|Employees are the front line of defense — as well as the most economical defense — against shrinkage losses|
The financial cost of retail shrinkage is huge. The latest Annual Shrink Report issued by Dr. Richard Hollinger and Dr. Read Hayes at the University of Florida puts the total at $36 billion annually.
Shrinkage has several causes: customers shoplifting , employee theft, supplier fraud and administrative errors.
Frequent inventories and accounting audits counts can catch administrative errors and supplier fraud. But stopping shrinkage caused by theft is a larger undertaking.
“There are two kinds of thieves,” says Keith Aubele, CPP, president and CEO of the Bentonville, Ark.-based Retail Loss Prevention Group. “First, there is the opportunistic non-pro. Second, there are professionals working in Organized Retail Crime Syndicates (ORCS) — vast organizations that buy stolen goods from professional thieves for pennies on the dollar and then repackage and resell the goods to mom-and-pop stores, back into the retail pipeline, internationally — through any of a number of markets for stolen goods.
“Employees are the front line of defense — as well as the most economical defense — against shrinkage losses.”
But employees don’t just naturally protect against theft. “First, you must have a strong culture built on theft prevention and shrink resistance,” says Aubele. “Second, you must have a substantial employee training program designed to help prevent losses.”
Keith Aubele of Retail Loss Prevention Group says that aggressive hospitality will
Aubele goes on to say that aggressive hospitality will welcome true customers and deter would-be shoplifters, who will get the impression that someone is always watching.
Video can communicate a message, too. “You must create a single message with your video security system,” he says. “It is a message that ‘warms’ good customers and ‘warns’ shoplifters.”
Aubele explains: “Suppose a mom with two kids pulls into a retailer’s parking lot and sees a sign saying: For the safety and security of you and your family members and our associates, security cameras are in use and recording."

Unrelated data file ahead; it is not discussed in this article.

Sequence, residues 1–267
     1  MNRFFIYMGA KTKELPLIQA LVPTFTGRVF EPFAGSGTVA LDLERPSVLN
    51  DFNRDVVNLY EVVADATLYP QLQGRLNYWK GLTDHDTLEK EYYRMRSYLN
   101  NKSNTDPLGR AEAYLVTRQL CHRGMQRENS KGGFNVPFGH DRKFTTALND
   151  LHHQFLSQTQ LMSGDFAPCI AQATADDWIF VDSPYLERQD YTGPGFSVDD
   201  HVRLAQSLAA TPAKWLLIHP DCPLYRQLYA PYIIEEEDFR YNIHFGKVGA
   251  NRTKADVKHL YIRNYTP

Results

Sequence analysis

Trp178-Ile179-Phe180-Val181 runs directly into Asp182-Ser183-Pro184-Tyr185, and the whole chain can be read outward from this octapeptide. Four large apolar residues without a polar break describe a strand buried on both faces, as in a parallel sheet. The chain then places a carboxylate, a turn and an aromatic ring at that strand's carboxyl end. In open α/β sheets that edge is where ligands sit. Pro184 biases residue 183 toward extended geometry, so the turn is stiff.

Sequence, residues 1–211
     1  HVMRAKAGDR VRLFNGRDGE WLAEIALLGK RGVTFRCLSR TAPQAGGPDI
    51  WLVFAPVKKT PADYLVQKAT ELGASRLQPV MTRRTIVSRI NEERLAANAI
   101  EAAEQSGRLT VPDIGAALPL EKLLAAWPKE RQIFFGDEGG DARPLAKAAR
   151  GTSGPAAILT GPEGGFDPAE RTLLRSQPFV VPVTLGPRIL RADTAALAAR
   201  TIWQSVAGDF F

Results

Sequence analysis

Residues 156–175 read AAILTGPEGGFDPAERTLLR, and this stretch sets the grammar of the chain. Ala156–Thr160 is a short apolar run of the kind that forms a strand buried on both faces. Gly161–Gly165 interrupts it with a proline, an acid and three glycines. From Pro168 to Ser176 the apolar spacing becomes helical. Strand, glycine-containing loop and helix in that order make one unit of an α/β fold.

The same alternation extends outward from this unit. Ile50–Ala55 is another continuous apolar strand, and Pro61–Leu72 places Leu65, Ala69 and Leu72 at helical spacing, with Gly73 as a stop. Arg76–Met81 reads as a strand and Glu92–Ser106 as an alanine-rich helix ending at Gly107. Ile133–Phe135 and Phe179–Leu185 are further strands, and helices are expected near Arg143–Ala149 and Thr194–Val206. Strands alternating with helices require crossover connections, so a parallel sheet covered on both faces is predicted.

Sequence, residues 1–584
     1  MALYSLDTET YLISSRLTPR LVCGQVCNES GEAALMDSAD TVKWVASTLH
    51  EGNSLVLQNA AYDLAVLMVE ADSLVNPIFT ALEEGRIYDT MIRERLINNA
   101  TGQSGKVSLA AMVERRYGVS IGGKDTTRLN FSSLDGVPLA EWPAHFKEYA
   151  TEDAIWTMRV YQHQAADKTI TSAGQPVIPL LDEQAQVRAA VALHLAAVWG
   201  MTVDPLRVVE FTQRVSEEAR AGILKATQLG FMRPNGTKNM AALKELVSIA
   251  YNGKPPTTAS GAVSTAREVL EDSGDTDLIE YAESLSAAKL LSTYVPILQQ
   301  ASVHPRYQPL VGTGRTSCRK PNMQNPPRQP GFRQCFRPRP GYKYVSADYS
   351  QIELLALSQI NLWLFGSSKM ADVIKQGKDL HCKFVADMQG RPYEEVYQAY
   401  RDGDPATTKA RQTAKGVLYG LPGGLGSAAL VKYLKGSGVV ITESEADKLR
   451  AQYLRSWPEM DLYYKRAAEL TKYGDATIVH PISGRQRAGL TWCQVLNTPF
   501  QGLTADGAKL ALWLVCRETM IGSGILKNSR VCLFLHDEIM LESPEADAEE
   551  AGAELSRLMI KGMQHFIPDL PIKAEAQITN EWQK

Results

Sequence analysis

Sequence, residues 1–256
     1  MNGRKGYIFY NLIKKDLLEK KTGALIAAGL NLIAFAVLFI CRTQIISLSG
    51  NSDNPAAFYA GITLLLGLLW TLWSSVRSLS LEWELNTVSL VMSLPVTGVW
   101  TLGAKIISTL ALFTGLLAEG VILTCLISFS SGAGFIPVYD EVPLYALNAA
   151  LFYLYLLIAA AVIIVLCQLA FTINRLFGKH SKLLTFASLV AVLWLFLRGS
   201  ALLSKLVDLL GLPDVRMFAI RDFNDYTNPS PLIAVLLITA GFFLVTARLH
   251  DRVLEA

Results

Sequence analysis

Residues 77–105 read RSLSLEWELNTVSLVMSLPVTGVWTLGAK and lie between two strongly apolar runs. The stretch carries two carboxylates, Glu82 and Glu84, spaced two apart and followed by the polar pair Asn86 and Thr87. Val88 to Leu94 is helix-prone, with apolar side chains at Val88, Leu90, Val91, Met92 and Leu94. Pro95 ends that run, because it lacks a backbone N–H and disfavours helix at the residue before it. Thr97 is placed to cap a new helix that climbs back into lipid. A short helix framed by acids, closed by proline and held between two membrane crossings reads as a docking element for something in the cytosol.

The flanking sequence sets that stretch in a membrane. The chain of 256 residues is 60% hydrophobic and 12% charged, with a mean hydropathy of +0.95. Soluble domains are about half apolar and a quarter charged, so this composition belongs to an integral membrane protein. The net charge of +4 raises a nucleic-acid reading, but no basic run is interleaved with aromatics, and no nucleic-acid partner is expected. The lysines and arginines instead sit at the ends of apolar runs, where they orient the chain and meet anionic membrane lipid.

“Next, the mom walks into the store and sees a camera and a public view video monitor showing her and her children. She will feel good that the proper precautions are being taken.”
The same message and video monitor will cause an opposite reaction in a shoplifter looking to steal merchandise, says Aubele. He or she will read the sign outside the store, see himself or herself on the video monitor inside, note the cameras strategically placed around the store and likely decide to visit a different store.
More and more technologies are being developed to discourage retail thieves.
Electronic article surveillance tags have been around for a number of years. They attach to items of merchandise and set off an alarm if a thief attempts to leave the store without paying. During transactions, the sales clerk de-activates the tags.
Newer technologies include video analytics and facial recognition, says Aubele. Analytics can monitor dwell time at a shelf with high-loss merchandise. Stealing takes more time than picking up a product to buy and moving on.
“Facial recognition is getting better,” Aubele says. “You have to have great photographs of known thieves in the system. If you do, the system will alert security when there’s a match.
“RFID technology built into the shelf systems of high-risk merchandise alerts security when multiple items are removed from the shelves at one time.
“There are shopping carts that will lock up if thieves try to push them out the door without going through check out.
“Video can monitor points of sale to help ensure that everything is being rung up.
“Every day these kinds of technological solutions to shrinkage are advancing.”